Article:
abstractNote = {The objective of our studies was to advance our fundamental understanding of liquid metals as plasma-facing materials for fusion energy systems, with a broad scope: from atoms to tokamaks. The flow of liquid metals offers solutions to significant problems of the plasma-facing materials for fusion energy systems. Candidate metals include lithium, tin, gallium, and their eutectic combinations. However, such liquid metal solutions can only be designed efficiently if a range of scientific and engineering issues are resolved that require advances in fundamental fluid dynamics, materials science and surface science. In our research we investigated a range of significant and timely problems relevant to current and proposed engineering designs for fusion reactors, including high-heat flux configurations that are being considered by leading fusion energy groups world-wide. Using experimental and theoretical tools spanning atomistic to continuum descriptions of liquid metals, and bridging surface chemistry, wetting/dewetting and flow, our research has advanced the science and engineering of fusion energy materials and systems. Specifically, we developed a combined experimental and theoretical program to investigate flows of liquid metals in fusion-relevant geometries, including equilibrium and stability of thin-film flows, e.g. wetting and dewetting, effects of electromagnetic and thermocapillary fields on liquid metal thin-film flows, and how chemical interactions and the properties of the surface are influenced by impurities and in turn affect the surface wetting characteristics, the surface tension, and its gradients. Because high-heat flux configurations produce evaporation and sputtering, which forces rearrangement of the liquid, and any dewetting exposes the substrate to damage from the plasma, our studies addressed such evaporatively driven liquid flows and measured and simulated properties of the different bulk phases and material interfaces. The range of our studies included (i) quantum mechanical calculations that allow inclusion of many thousands of atoms for the characterization of the interface of liquid metals exposed to continuous bombardment by deuterium and tritium as expected in fusion, (ii) molecular dynamics studies of the phase behavior of liquid metals, which (a) utilize thermodynamic properties computed using our quantum mechanical calculations and (b) establish material and wetting properties of the liquid metals, including relevant eutectics, (iii) experimental investigations of the surface science of liquid metals, interacting both with the solid substrate as well as gaseous species, and (iv) fluid dynamical studies that incorporate the material and surface science results of (ii) and (iii) in order to characterize flow in capillary porous materials and the thin-film flow along curved boundaries, both of which are potentially major components of plasma-facing materials. The outcome of these integrated studies was new understanding that enables developing design rules useful for future developments of the plasma-facing components critical to the success of fusion energy systems.},
doi = {10.2172/1389595},
journal = {},
number = ,
volume = ,
place = {United States},
year = {Fri Jun 23 00:00:00 EDT 2017},
month = {Fri Jun 23 00:00:00 EDT 2017}
}

Technical Report:

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  • The Unites States-Japan Workshop P-165 brought together approximately 60 scientists and engineers to discuss critical topics of plasma facing materials and components for the next-step fusion device. In addition to the United States and Japanese participants, there were several guest attendees from Europe. The international makeup of the participants greatly enhanced the success of the workshop. The author jointly chaired a workshop session entitled Impact of Neutron Effects to Plasma Facing Materials and Plasma Facing Component (PFC) Feasibilities for the International Thermonuclear Experimental Reactor (ITER),'' and presented an overview paper on neutron effects and materials selection for the next-step plasmamore » facing devices. The author presented his work on the effects of neutron irradiation on graphites and carbon-carbon (c/c) composite materials, which are strong candidate materials for PFC's in ITER. The workshop addressed many issues of current concern to the PFC/PFM community including: plasma erosion of PFM's; trapping/detrapping of hydrogen isotopes; large machine operating experience; and extent of the materials database.« less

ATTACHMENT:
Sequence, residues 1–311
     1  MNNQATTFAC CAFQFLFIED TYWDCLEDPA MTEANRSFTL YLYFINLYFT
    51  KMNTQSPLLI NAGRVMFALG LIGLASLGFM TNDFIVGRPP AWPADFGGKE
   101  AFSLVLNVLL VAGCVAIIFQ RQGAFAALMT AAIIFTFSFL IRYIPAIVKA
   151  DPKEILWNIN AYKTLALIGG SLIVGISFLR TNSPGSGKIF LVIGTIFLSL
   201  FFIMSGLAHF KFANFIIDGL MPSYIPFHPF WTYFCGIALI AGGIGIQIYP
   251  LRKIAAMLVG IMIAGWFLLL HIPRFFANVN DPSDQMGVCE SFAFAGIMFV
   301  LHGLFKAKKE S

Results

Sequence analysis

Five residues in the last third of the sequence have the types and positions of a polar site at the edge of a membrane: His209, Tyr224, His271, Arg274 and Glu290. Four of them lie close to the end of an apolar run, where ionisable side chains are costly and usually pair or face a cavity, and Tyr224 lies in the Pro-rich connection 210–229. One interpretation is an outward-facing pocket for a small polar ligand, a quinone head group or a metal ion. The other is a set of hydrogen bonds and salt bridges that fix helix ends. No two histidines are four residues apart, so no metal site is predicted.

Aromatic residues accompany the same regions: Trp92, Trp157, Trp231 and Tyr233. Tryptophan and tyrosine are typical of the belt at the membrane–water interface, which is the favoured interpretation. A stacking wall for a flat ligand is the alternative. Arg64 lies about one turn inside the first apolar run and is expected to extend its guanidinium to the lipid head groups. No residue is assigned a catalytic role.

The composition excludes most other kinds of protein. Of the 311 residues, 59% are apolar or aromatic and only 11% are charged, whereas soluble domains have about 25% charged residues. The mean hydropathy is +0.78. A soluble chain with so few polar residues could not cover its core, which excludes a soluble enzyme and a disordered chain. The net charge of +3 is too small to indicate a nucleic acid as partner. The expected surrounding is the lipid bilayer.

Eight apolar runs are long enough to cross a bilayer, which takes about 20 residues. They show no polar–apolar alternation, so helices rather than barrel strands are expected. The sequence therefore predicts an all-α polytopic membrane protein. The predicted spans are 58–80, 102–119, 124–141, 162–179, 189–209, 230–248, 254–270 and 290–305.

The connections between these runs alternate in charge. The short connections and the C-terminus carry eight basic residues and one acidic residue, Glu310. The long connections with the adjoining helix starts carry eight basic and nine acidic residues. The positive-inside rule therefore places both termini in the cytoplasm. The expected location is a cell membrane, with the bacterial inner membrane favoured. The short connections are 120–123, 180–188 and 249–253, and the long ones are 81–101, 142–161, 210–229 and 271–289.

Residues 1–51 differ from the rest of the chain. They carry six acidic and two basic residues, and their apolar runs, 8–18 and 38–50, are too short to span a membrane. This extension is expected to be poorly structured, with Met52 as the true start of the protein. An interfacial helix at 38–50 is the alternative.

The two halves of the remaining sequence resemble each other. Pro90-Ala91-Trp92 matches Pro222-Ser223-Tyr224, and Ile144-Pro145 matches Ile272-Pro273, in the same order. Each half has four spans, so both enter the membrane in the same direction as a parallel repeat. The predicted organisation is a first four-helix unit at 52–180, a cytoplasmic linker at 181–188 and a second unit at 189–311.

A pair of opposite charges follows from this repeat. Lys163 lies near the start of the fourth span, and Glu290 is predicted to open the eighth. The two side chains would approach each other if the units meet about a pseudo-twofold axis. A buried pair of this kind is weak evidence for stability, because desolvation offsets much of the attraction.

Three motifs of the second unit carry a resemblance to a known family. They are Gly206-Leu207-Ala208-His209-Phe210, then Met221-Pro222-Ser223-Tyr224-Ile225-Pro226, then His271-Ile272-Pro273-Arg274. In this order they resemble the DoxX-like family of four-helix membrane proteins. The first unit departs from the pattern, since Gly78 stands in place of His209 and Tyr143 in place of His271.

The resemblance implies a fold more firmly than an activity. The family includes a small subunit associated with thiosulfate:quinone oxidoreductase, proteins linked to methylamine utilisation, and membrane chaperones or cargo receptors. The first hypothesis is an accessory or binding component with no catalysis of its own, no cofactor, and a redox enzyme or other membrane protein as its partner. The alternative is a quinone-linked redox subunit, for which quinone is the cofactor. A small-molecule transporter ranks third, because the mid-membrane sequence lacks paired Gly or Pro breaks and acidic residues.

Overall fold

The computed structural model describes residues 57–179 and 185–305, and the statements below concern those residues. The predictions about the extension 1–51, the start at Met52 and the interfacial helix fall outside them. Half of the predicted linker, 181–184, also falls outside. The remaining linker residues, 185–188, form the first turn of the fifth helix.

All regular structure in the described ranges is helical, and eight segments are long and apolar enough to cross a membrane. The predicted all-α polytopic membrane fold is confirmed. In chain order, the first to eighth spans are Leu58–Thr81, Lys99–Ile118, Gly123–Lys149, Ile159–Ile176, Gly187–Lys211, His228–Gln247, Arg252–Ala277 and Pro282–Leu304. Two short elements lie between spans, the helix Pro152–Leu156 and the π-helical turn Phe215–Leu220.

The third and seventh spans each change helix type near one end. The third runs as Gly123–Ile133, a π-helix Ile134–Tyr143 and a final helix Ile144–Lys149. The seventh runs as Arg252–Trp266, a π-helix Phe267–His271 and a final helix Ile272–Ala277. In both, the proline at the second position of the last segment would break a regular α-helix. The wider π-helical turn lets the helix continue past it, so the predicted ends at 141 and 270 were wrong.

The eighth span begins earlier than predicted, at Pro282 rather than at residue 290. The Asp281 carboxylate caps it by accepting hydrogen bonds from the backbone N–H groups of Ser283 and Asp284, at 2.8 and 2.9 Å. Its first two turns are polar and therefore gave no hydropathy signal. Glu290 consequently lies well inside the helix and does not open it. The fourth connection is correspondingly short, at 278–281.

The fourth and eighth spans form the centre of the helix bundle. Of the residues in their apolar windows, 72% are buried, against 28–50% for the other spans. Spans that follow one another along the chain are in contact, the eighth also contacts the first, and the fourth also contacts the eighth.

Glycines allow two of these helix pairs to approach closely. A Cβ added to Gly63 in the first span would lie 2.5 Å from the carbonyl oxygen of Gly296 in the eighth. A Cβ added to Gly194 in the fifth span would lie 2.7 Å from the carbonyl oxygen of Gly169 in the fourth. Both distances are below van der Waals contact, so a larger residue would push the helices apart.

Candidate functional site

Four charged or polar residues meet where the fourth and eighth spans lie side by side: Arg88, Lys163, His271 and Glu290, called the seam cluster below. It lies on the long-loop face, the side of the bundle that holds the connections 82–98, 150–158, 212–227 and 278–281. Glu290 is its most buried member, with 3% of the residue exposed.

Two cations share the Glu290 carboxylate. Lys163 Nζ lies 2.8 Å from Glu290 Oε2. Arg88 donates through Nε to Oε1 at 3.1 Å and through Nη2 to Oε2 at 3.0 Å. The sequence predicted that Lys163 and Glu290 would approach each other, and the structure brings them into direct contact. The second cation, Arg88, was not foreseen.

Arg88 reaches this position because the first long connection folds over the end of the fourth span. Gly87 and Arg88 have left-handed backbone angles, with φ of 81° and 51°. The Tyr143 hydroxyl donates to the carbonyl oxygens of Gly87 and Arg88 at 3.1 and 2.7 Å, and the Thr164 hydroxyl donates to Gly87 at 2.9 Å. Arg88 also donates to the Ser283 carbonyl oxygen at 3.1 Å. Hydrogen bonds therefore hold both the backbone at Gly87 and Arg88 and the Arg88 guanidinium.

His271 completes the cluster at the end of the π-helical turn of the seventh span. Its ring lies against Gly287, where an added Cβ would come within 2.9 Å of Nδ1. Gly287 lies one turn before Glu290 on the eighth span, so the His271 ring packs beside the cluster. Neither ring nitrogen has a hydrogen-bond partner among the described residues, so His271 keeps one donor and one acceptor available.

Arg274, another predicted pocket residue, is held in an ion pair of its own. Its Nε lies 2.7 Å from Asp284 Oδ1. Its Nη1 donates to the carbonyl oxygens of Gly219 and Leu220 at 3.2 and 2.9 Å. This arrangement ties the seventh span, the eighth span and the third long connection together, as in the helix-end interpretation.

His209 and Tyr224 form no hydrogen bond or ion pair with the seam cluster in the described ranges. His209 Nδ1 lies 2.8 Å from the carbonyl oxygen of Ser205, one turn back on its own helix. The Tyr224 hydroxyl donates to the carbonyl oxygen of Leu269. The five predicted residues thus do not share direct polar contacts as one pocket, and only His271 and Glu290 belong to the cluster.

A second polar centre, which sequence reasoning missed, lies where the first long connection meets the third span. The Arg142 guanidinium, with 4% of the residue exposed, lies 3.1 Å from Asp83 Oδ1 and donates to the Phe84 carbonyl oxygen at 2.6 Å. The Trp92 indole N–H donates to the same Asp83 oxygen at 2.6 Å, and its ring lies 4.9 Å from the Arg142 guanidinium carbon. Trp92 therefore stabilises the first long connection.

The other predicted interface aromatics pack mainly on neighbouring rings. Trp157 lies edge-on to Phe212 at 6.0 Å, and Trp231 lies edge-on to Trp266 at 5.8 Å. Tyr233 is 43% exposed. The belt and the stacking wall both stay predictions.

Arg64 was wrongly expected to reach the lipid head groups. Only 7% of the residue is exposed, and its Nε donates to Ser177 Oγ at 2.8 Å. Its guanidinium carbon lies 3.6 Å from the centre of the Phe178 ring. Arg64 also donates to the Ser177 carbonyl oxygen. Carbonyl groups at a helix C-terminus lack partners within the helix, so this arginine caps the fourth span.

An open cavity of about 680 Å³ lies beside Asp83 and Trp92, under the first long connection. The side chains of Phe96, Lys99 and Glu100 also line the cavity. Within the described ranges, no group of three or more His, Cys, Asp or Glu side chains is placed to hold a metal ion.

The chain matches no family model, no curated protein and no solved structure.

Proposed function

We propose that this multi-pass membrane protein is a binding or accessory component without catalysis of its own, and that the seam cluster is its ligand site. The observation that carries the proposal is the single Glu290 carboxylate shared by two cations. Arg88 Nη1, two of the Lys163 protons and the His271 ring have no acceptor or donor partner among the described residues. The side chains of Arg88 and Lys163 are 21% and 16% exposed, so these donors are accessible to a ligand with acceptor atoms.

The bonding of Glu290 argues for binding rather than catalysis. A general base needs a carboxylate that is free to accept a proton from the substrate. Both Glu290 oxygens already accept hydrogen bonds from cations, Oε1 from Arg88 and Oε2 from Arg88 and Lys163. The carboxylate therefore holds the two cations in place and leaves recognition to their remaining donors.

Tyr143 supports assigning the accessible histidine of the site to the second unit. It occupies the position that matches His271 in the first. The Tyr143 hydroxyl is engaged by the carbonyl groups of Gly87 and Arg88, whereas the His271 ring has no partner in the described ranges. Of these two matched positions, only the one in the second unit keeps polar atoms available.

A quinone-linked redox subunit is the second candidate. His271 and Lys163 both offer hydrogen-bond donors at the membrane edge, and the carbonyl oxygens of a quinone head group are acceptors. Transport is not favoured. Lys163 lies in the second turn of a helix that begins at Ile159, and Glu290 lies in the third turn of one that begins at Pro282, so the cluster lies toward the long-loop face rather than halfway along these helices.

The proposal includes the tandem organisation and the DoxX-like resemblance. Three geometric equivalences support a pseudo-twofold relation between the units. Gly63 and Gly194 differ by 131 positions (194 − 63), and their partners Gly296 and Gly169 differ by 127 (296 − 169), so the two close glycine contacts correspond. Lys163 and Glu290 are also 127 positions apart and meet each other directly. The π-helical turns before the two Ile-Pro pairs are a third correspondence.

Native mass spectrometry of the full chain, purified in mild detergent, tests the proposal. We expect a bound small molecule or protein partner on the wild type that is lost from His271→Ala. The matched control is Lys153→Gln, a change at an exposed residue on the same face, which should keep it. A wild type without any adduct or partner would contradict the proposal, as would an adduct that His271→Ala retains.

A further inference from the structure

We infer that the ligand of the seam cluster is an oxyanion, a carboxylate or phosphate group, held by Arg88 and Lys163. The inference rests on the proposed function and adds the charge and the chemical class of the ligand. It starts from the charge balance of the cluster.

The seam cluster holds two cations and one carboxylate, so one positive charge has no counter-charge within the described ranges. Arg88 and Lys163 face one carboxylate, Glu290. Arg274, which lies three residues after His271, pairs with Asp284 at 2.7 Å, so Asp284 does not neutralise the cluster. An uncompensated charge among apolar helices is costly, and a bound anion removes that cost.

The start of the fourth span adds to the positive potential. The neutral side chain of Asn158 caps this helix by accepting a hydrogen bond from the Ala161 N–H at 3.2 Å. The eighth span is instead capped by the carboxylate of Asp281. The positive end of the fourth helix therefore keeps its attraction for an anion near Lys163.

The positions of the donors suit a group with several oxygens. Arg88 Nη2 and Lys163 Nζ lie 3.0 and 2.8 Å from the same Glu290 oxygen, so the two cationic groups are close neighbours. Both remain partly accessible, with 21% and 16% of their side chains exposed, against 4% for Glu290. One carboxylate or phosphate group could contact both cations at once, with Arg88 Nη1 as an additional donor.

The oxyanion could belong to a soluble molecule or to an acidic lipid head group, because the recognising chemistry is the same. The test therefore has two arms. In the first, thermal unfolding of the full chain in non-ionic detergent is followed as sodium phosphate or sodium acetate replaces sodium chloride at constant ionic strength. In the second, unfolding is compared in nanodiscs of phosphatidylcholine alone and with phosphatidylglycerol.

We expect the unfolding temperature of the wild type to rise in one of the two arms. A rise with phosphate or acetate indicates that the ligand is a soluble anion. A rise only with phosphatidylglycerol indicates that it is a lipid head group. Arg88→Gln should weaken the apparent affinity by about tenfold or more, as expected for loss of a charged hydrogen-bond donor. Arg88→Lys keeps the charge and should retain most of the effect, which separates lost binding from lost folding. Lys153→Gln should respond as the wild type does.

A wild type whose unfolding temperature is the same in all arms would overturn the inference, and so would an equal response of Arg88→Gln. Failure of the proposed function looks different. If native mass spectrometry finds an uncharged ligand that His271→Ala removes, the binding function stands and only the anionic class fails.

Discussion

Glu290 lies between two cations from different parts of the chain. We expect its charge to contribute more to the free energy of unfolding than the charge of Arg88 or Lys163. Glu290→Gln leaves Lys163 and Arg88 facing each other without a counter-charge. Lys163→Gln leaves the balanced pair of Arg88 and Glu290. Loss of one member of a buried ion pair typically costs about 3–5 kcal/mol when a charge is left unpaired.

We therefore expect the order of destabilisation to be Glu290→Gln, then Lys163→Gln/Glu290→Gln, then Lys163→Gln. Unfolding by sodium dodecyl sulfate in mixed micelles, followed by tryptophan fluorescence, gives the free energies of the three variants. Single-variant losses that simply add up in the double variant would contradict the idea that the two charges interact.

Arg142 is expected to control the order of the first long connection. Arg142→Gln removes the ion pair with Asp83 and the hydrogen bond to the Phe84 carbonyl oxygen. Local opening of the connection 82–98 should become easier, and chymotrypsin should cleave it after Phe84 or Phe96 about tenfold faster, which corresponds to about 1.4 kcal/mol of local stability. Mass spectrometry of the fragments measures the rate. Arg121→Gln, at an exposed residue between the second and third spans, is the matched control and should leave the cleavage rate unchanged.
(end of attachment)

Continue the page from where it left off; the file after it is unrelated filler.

• The goal of the 2014 Joint Research Target (JRT) has been to conduct experiments and analysis to investigate and quantify the response of tokamak plasmas to non-axisymmetric (3D) magnetic fields. Although tokamaks are conceptually axisymmetric devices, small asymmetries often result from inaccuracies in the manufacture and assembly of the magnet coils, or from nearby magnetized objects. In addition, non-axisymmetric fields may be deliberately applied for various purposes. Even at small amplitudes of order 10 -4 of the main axisymmetric field, such “3D” fields can have profound impacts on the plasma performance. The effects are often detrimental (reduction of stabilizing plasmamore » rotation, degradation of energy confinement, localized heat flux to the divertor, or excitation of instabilities) but may in some case be beneficial (maintenance of rotation, or suppression of instabilities). In general, the magnetic response of the plasma alters the 3D field, so that the magnetic field configuration within the plasma is not simply the sum of the external 3D field and the original axisymmetric field. Typically the plasma response consists of a mixture of local screening of the external field by currents induced at resonant surfaces in the plasma, and amplification of the external field by stable kink modes. Thus, validated magnetohydrodynamic (MHD) models of the plasma response to 3D fields are crucial to the interpretation of existing experiments and the prediction of plasma performance in future devices. The non-axisymmetric coil sets available at each facility allow well-controlled studies of the response to external 3D fields. The work performed in support of the 2014 Joint Research Target has included joint modeling and analysis of existing experimental data, and collaboration on new experiments designed to address the goals of the JRT. A major focus of the work was validation of numerical models through quantitative comparison to experimental data, in order to gain confidence in their ability to predict the performance of ITER and other burning plasmas. An important element of this effort was also to verify experimentally the limits of validity of the models. The rest of this overview will summarize the key results of the work.« less